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First of all, place the blackcurrants in a saucepan along with the water and sweetener of your choice and turn to a medium heat. Once the pan’s hot, keep stirring the blackcurrants until their juices start to come out and the berries are just starting to burst. At this point reduce the heat to low.

Juice the tangerines either by peeling their skins and squeezing out the juice from the segments by hand, or by putting them through a juicer if you have one. In another saucepan, pour in the oats, water and milk and bring to the boil. Once the oats are starting to absorb the liquid and break down, add the tangerine juice, turmeric, cinnamon and nutmeg. Give it a good stir to make sure everything is combined.

After 5-10 minutes, depending on whether you’ve used jumbo or porridge oats and how soft you like them, pour the porridge into two bowls and then top with the blackcurrant compote. I like to serve mine with a sprinkling of desiccated coconut.

Warm Winter Sprout & Quinoa Salad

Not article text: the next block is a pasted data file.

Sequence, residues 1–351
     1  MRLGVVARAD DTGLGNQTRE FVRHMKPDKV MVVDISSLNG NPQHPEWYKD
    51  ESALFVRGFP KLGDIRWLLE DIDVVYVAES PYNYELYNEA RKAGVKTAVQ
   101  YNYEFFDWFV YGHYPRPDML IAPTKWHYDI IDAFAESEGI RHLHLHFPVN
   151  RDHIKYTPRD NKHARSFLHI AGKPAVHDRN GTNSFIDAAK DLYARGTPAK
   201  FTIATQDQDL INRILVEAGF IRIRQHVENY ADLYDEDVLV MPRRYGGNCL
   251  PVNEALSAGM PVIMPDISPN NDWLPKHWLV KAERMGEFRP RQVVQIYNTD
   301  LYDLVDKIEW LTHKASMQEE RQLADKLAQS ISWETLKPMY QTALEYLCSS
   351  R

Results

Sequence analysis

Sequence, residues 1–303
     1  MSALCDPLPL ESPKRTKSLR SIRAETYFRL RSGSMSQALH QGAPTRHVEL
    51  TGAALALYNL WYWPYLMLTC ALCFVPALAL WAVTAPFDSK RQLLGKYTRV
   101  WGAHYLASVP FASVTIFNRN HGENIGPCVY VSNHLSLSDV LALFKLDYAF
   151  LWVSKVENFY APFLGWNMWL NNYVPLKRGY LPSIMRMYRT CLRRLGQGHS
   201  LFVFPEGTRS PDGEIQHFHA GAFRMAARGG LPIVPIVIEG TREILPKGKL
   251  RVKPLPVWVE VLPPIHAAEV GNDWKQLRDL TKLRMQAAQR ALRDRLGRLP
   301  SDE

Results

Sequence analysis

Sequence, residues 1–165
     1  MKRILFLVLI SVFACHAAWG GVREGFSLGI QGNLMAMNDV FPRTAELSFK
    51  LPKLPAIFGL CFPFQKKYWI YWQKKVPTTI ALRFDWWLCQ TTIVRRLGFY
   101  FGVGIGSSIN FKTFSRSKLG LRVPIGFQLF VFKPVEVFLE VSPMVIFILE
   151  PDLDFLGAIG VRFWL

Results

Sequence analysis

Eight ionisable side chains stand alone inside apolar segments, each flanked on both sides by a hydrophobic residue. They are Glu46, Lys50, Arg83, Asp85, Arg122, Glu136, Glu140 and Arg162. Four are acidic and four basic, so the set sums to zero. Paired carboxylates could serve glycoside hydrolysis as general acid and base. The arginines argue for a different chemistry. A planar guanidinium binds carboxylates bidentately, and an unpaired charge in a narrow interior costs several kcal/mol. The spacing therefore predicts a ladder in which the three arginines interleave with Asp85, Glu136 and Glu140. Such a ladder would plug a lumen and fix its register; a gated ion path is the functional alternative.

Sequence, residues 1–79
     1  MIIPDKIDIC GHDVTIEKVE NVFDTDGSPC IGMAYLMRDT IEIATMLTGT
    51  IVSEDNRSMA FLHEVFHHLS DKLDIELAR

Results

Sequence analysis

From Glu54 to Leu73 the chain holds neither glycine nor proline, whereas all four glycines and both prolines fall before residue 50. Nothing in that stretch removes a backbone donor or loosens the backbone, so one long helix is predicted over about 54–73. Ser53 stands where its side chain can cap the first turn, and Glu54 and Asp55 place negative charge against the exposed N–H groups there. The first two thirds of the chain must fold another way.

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Quinoa is a slightly contentious topic in the food world at the moment (as this article highlights), due to the west’s sudden love and demand for this little grain. There’s no doubt that quinoa is one of the world’s greatest foods, especially for vegetarians and vegans out there: it’s a complete protein with all nine essential amino acids, it has almost twice as much fibre as most other grains and it’s packed with magnesium. In most ways, it trumps all other grains, but when poor Bolivians and Peruvians can no longer afford their staple food because of US and European demand raising prices, it’s not an easy or particularly acceptable thing to buy a packet of South American-grown quinoa and simply shrug and ignore this unethical fact.